During the two centuries of the work on the monastic church, there was a change between the Romanesque and Gothic architectural systems, a circumstance that gave pause to the master builders, with some rectifications to existing parts.
The first construction phase, in the 12th century, included the apses and the first two sections of vaults, separated by rounded arches. The works then stopped for about half a century and were resumed with Gothic forms, distinguished by pointed arches and much larger windows. A lantern-shaped octagonal crossing tower rises above the Romanesque transept, covered by the intersection of four pointed vaults closed by a keystone, which contains the image of God in Majesty. The windows are of a very early Gothic style with tree-shaped divisions.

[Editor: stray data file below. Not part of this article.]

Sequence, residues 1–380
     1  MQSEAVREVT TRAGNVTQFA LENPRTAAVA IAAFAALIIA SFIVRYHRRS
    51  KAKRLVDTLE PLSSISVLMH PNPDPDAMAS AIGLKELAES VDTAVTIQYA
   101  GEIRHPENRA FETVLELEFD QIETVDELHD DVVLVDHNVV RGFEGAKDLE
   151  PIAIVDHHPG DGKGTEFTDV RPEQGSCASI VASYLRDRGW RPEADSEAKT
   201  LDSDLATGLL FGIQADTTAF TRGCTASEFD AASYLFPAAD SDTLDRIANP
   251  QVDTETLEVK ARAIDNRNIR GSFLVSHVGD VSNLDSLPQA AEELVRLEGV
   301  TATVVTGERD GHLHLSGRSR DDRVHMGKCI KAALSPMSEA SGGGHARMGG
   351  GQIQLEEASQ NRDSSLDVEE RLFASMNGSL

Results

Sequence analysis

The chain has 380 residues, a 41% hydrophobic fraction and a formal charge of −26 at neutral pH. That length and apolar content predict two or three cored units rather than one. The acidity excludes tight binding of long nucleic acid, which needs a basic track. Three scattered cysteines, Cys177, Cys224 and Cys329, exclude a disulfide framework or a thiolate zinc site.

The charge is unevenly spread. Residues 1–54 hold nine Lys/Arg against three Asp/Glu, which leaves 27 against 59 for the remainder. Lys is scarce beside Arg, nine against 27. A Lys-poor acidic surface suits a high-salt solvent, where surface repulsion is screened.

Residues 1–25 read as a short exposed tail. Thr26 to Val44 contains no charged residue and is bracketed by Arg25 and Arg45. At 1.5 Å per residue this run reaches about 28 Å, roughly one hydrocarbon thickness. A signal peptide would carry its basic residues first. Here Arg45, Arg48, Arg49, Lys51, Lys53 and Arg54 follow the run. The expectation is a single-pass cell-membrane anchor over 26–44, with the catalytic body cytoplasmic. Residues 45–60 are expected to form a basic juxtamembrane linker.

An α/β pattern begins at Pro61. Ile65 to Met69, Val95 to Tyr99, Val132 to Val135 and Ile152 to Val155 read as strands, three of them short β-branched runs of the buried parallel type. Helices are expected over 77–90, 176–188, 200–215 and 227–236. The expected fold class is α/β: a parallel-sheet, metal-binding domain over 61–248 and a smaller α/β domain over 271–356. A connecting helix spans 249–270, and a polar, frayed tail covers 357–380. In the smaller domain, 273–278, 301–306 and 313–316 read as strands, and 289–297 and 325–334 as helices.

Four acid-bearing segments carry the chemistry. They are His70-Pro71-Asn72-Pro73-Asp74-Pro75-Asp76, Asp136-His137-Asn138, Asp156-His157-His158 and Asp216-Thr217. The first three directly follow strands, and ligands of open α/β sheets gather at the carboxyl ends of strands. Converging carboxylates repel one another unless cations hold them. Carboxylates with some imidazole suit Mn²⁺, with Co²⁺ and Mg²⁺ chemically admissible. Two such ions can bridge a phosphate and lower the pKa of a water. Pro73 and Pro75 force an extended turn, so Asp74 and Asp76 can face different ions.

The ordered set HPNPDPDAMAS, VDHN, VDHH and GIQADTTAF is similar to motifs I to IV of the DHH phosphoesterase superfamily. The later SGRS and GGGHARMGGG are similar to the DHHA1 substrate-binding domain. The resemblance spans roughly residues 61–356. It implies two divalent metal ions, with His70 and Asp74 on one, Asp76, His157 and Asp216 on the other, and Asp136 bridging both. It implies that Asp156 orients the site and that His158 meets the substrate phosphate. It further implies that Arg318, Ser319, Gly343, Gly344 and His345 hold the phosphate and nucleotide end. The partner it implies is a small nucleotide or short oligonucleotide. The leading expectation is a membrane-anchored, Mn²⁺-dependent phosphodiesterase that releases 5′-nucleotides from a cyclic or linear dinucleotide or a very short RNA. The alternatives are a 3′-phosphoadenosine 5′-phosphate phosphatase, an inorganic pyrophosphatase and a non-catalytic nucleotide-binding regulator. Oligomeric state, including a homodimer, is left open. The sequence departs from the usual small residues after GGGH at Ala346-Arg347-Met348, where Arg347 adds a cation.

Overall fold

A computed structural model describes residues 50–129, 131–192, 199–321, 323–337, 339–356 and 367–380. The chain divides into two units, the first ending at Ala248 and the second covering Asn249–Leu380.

The best example of the transition from Romanesque to Gothic is in the differences in the location of the impost of the formerets on each of the four pillars of the transept. Looking at those closest to the apse, the impost of the right formeret is lower than the one on the left. On the opposite side, the right formeret maintains the lowest level, indicating that it follows Romanesque style. However, the pillar extends in height and a second Gothic impost appears at the base of the pointed arches.
All the changes made during the transition from one construction system to another involve changes in the structural behaviour of the last three sections; in addition, to compensate for the greater pressure, a fourth single nave was added inside and aligned with the bell tower outside.